Gas prices will rise dramatically in the near term, analysts predict. Many attribute it to a rise in oil prices, but the gas prices spike has more to do with gasoline fundamentals, writes Styles.
Oil prices spiked above $102 a barrel Wednesday as protesters poured into the streets of Cairo and the Egyptian military ousted President Mohammed Morsi. Egypt is critical to regional oil transportation and has investors worried that protests could spread elsewhere in the region.
Fourth of July celebrations just got a bit more festive with a recent drop in gas prices. If it lasts much beyond the Fourth of July will depend on turmoil in Egypt and across the Middle East, the economy, and especially hurricane season.
A new website from the US Department of Energy compares the energy costs of driving an electric car relative to gasoline prices. The tool might prove useful, Styles writes, but only as long as it is grounded in the best information we have about the vehicle choices that potential electric car buyers are actually considering.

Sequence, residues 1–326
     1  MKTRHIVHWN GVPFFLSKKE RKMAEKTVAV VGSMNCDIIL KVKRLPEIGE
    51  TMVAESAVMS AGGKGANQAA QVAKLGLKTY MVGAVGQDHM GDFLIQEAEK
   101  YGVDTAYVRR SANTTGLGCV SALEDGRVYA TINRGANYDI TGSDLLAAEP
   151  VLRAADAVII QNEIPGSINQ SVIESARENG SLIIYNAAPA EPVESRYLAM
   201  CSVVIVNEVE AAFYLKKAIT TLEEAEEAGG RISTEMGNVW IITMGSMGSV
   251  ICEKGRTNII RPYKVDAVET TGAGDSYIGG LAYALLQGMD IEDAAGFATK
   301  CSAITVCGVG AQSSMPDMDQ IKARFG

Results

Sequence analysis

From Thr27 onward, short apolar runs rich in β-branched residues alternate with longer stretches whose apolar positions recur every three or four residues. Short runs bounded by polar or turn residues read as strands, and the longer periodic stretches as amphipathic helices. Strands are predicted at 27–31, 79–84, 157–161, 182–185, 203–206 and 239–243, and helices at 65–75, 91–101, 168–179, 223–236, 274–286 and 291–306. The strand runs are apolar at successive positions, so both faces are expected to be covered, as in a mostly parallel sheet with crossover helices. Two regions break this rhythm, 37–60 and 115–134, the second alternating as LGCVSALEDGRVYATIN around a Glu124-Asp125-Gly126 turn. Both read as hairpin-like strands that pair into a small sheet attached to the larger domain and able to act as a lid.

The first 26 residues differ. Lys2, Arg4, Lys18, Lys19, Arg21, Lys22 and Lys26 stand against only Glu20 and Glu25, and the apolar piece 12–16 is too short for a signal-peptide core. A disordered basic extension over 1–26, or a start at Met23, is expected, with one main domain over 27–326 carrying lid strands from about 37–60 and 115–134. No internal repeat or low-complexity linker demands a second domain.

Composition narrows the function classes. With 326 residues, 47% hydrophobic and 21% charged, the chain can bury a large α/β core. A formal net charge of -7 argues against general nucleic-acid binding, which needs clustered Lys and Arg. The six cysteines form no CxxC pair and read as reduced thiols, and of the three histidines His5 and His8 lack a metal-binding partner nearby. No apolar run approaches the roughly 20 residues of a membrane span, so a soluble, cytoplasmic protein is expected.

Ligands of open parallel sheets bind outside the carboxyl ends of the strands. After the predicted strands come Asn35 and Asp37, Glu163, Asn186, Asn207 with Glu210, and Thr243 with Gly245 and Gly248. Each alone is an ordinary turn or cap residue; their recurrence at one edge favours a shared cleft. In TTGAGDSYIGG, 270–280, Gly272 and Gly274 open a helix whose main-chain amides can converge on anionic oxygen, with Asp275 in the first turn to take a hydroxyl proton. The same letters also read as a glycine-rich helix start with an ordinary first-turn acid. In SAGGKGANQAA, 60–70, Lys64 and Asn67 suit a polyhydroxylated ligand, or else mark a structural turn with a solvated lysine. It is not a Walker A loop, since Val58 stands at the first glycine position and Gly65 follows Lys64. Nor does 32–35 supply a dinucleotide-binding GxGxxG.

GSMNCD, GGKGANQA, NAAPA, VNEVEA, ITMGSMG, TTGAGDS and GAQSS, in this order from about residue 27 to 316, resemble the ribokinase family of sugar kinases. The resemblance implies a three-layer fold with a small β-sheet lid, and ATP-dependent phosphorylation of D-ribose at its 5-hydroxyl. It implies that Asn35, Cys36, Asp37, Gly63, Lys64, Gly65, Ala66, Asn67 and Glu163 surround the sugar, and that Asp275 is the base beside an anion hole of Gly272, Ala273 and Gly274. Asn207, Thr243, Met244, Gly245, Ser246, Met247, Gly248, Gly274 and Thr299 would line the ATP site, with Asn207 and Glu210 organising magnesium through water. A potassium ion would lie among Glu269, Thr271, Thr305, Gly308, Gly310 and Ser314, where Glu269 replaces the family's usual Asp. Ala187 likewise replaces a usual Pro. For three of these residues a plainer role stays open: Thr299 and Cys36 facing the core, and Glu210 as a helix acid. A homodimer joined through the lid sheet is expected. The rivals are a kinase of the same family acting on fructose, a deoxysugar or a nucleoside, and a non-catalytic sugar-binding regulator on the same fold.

With cleaner-burning natural gas cutting into the US electricity mix, American coal companies have found an eager customer in the East, fueling urbanizing economies in Asia with cheap steelmaking coal. It's why coal export terminals are emerging as a flash point in the fight against climate change.
Last week a California utility announced it would close the San Onofre Nuclear Generating Station. That closure, along with the shutting down of other nuclear plants, will have serious consequences for consumers and slow efforts to reign in greenhouse gas emissions, Styles writes.
Weak economic growth in the US has led to a dramatic decline in motor gasoline demand, Gagliardi writes. Not only has gasoline demand been weak since 2009, it has been successfully lower roughly each year to year the date in 2013.
Shale oil and gas have revitalized the US energy industry and could do the same abroad, a new EIA report suggests. But oil and gas drilling will depend more so on market forces, than on geologic facts.
We are in a far better position now to consider scaling back our use of ethanol produced from grain biofuel than we were when the EPA biofuel rule was established, Styles writes. With shale gas, tight oil and various renewables, the energy scarcity that has defined our policies for the last four decades is far less relevant to our policy choices going forward.